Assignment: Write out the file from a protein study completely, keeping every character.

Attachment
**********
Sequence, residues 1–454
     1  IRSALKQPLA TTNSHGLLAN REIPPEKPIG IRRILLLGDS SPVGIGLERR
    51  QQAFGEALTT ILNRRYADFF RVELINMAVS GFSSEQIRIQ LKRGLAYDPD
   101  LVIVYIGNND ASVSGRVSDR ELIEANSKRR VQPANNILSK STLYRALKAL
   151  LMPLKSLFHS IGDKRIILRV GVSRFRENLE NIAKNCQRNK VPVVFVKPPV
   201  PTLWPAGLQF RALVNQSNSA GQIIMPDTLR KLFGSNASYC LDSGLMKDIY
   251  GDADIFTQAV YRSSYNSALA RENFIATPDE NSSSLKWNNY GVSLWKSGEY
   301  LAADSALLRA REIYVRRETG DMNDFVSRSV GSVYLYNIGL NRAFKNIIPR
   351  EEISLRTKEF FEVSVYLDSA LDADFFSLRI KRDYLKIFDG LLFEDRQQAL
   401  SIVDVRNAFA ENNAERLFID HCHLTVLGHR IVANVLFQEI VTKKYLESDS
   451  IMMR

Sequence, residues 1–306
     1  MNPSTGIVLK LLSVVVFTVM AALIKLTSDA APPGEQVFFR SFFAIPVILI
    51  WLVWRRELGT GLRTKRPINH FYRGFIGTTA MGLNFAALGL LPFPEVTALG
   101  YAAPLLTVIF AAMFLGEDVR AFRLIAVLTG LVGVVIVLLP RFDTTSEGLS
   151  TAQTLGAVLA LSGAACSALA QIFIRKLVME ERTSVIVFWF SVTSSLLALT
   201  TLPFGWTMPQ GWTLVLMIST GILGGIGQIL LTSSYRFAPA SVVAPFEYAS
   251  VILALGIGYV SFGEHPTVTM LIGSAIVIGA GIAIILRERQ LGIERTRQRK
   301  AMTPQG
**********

Sequence, residues 1–454
     1  IRSALKQPLA TTNSHGLLAN REIPPEKPIG IRRILLLGDS SPVGIGLERR
    51  QQAFGEALTT ILNRRYADFF RVELINMAVS GFSSEQIRIQ LKRGLAYDPD
   101  LVIVYIGNND ASVSGRVSDR ELIEANSKRR VQPANNILSK STLYRALKAL
   151  LMPLKSLFHS IGDKRIILRV GVSRFRENLE NIAKNCQRNK VPVVFVKPPV
   201  PTLWPAGLQF RALVNQSNSA GQIIMPDTLR KLFGSNASYC LDSGLMKDIY
   251  GDADIFTQAV YRSSYNSALA RENFIATPDE NSSSLKWNNY GVSLWKSGEY
   301  LAADSALLRA REIYVRRETG DMNDFVSRSV GSVYLYNIGL NRAFKNIIPR
   351  EEISLRTKEF FEVSVYLDSA LDADFFSLRI KRDYLKIFDG LLFEDRQQAL
   401  SIVDVRNAFA ENNAERLFID HCHLTVLGHR IVANVLFQEI VTKKYLESDS
   451  IMMR

Sequence, residues 1–306
     1  MNPSTGIVLK LLSVVVFTVM AALIKLTSDA APPGEQVFFR SFFAIPVILI
    51  WLVWRRELGT GLRTKRPINH FYRGFIGTTA MGLNFAALGL LPFPEVTALG
   101  YAAPLLTVIF AAMFLGEDVR AFRLIAVLTG LVGVVIVLLP RFDTTSEGLS
   151  TAQTLGAVLA LSGAACSALA QIFIRKLVME ERTSVIVFWF SVTSSLLALT
   201  TLPFGWTMPQ GWTLVLMIST GILGGIGQIL LTSSYRFAPA SVVAPFEYAS
   251  VILALGIGYV SFGEHPTVTM LIGSAIVIGA GIAIILRERQ LGIERTRQRK
   301  AMTPQG